Wednesday, April 16, 2008

The Ten Year Nap, by Meg Wolitzer


I read The Wife by Meg Wolitzer a few years ago, and was impressed by her careful observation and precise language. I spotted the "twist" ending well before it happened, even without knowing that there was a twist. So, when The Ten Year Nap came out, it seemed like a Must Read.

The title refers to the fact that women spend an average of 11 years out of the workforce while raising their children--the women of this book are facing their children's 10th year, and are confronting where they have been and where they are going after having been out of the world of work for so long. There is Amy, a former trusts and estates lawyer who never went back after her son was born; Jill, who had her graduate dissertation rejected and never really recovered; Karen, a brilliant statistical analyst who used numbers like other people use words; and Roberta, an artist and puppeteer who gave up art for craft while raising her kids.

Things happen, though this is not a book to read for the plot. Jill moves out of New York City to a suburb, and while there finds her adopted daughter has significant learning deficits. Jill fears she is an inadequate mother and struggles to find the easy love she thinks she should have for her daughter. Amy meets and befriends a new woman, Penny, who is the curator of a small museum. At first, Amy idolizes Penny as a woman who did not make compromises when her children were born, but kept her pre-child identity in a way Amy did not. Inevitably, Penny reveals herself as flawed, and the friendship does not survive.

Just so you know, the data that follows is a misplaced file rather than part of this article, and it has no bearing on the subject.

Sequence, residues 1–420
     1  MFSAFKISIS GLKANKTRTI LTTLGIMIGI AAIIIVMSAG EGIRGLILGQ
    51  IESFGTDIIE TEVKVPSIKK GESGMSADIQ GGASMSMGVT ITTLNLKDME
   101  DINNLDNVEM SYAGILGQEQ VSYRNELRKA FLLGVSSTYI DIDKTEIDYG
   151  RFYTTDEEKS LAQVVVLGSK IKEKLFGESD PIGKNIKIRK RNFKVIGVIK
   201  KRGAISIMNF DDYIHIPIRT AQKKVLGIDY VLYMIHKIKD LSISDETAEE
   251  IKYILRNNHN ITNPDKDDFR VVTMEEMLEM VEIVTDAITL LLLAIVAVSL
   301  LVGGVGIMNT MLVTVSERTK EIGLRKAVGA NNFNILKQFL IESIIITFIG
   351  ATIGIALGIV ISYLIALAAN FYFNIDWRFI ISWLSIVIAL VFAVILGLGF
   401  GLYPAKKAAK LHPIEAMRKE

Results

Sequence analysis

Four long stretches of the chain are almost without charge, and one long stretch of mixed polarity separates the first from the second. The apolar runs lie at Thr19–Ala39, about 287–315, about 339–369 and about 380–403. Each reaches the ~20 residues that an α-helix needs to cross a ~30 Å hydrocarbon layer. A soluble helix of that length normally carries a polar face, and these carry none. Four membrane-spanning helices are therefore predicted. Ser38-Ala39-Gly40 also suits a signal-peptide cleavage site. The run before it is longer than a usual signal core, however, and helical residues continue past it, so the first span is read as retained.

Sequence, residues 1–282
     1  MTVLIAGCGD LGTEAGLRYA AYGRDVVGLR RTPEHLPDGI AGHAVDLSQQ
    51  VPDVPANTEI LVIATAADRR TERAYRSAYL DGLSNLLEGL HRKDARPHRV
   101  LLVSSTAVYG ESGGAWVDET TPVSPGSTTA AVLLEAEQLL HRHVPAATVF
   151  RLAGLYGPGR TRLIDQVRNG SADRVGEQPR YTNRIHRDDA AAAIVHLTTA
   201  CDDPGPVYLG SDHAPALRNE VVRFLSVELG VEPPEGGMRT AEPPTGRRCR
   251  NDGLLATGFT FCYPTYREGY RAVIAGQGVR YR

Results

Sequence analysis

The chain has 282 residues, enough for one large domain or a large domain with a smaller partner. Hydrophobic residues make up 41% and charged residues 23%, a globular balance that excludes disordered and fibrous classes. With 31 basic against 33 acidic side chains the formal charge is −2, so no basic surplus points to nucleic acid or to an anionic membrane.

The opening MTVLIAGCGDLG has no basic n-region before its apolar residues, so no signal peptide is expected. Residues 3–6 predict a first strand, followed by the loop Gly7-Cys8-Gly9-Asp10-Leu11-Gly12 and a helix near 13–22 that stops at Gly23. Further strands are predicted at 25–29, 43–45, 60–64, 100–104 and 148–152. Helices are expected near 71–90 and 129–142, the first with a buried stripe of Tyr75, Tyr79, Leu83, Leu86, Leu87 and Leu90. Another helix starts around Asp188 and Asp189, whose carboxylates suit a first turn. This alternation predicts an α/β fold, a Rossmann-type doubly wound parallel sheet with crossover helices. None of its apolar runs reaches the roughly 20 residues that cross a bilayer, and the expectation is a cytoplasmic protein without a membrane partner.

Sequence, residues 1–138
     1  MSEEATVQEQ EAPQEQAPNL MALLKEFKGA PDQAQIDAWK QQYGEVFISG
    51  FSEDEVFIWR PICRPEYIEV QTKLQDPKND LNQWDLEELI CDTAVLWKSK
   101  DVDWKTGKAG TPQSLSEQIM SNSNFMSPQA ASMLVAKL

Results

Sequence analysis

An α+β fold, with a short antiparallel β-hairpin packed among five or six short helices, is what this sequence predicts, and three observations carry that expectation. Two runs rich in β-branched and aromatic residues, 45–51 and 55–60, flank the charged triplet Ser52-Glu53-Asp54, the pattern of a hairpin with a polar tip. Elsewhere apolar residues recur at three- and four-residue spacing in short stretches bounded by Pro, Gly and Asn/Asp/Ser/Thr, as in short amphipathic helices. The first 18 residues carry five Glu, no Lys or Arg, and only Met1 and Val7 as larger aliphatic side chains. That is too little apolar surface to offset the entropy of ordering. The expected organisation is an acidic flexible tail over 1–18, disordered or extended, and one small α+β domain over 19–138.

Roberta was a talented artist, but never got out of the ghetto of "women artists." She moved into puppetry, where she met her husband. When the children arrived, he took a regular job as a news cameraman, and continued to perform with his puppets on weekends. Toward the end of the book, he is launching a network children's television show, and Roberta has to struggle with her resentment of his success and her failure to continue to paint over the decade she was raising the children.

Karen Woo is the most amorphous of the four main characters: while she lives and thinks in numbers, she does not seem to regret being at home. Her husband is happy with his job, he makes enough money to keep them happy, she continues to go on job interviews but refuses them. There is some attempt to contrast her current life with her mother's life in a restaurant in Chinatown, but it never really comes into focus.

What movement there is in these women's lives comes in the last quarter of the book, if not later. Amy felt herself increasingly distant from her husband, feeling that her life was of no interest to him. Eventually, she discovers her husband passing off personal purchases as business receipts, which forces her to confront the scope of their debt. She finds a job in a small law firm, not because she loves the work, but because they need the income. However, her marriage seems the most honest of the four womens'--at the end, her husband confesses his fears and failures, and the two of them seem to re-commit to each other.